Most of us are more sedentary during the colder season, meaning joints can get stiff and callouses might wear thin. Dry heated air can cause dehydration, frostbite and hypothermia are as dangerous for dogs as they are for people, and—maybe worst of all—sensitive paws are exposed to rain, snow, ice, and de-icing chemicals. Luckily, there are some simple ways to protect your pup’s paws this winter.
Whether pouring it over your senior dog’s regular diet to entice her to eat a bit more, or fed separately as an added boost during times of poor health, bone broth is a secret weapon all senior dog pawrents should have in their arsenal!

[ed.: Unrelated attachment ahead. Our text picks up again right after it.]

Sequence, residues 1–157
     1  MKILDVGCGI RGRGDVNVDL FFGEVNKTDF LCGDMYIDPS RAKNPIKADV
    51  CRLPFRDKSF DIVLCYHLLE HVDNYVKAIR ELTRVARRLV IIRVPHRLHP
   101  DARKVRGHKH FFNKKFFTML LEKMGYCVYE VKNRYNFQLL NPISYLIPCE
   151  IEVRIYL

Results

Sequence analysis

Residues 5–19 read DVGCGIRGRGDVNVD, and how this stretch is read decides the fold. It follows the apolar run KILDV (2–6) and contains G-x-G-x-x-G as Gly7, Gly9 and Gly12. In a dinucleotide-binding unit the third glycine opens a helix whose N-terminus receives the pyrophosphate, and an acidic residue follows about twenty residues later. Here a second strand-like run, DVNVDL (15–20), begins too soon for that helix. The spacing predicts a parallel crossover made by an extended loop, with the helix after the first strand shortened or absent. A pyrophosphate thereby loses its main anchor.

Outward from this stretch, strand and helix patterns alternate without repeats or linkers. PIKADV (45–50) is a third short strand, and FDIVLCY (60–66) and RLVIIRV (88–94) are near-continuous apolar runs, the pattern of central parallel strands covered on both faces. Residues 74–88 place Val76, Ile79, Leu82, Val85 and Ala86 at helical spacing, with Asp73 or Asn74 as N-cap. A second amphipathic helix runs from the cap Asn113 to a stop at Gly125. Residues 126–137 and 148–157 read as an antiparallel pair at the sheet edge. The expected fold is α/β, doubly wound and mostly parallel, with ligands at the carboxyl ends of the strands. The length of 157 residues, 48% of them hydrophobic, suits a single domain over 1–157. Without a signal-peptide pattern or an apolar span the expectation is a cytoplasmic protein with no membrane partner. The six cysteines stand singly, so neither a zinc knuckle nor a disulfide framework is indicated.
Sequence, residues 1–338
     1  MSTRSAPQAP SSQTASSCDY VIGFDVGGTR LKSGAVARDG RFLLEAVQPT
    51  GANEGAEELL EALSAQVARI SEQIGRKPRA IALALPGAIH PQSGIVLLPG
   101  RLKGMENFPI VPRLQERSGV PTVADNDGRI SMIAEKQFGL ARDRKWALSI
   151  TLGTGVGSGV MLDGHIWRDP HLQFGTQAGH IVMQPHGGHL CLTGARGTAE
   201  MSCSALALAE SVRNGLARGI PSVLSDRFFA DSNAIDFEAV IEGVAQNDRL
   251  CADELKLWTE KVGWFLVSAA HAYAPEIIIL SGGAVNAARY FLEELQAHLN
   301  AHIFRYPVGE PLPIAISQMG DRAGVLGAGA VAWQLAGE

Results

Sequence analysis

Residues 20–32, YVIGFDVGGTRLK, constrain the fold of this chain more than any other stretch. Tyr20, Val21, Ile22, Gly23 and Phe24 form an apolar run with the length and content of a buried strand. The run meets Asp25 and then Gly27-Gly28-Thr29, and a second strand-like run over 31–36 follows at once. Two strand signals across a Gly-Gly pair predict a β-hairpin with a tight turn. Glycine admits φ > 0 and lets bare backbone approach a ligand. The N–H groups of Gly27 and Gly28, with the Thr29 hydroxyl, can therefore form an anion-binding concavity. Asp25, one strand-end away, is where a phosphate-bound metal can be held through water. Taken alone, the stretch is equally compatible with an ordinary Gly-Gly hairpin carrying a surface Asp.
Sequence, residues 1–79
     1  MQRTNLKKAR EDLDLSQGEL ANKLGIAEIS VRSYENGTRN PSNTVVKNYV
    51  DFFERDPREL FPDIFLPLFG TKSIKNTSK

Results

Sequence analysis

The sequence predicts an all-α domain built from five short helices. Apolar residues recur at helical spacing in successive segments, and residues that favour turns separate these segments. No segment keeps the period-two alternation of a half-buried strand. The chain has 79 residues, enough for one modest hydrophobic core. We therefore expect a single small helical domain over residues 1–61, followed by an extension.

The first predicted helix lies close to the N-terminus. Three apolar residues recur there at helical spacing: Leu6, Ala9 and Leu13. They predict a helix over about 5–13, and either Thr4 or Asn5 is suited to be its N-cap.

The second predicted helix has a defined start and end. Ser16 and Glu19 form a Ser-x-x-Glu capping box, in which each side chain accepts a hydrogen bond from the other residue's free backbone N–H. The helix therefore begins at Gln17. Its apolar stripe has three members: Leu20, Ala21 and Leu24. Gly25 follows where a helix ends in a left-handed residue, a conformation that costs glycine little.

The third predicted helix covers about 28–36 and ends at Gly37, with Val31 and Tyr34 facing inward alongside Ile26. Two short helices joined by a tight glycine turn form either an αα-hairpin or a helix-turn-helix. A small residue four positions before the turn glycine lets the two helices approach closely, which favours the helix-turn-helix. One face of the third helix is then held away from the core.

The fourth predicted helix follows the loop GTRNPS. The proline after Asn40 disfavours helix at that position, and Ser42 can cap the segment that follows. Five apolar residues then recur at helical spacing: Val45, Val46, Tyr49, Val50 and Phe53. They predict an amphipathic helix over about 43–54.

Clark has three dogs of her own that she wanted to include in her wedding, but she thought it would be an even better idea to include dogs who did not have a home, in the hopes of helping them find one. That’s when she decided to ditch the traditional flower bouquets, and have her bridesmaid carry those six rescue puppies down the aisle instead.
Redirecting your dog’s natural tendency to chew by offering a tasty treat can save your furniture or shoes. Just make sure you know how your chews are being processed. Always monitor your dog with any chew toy, and take and throw away the small pieces as he gets to the end of the chew to prevent choking.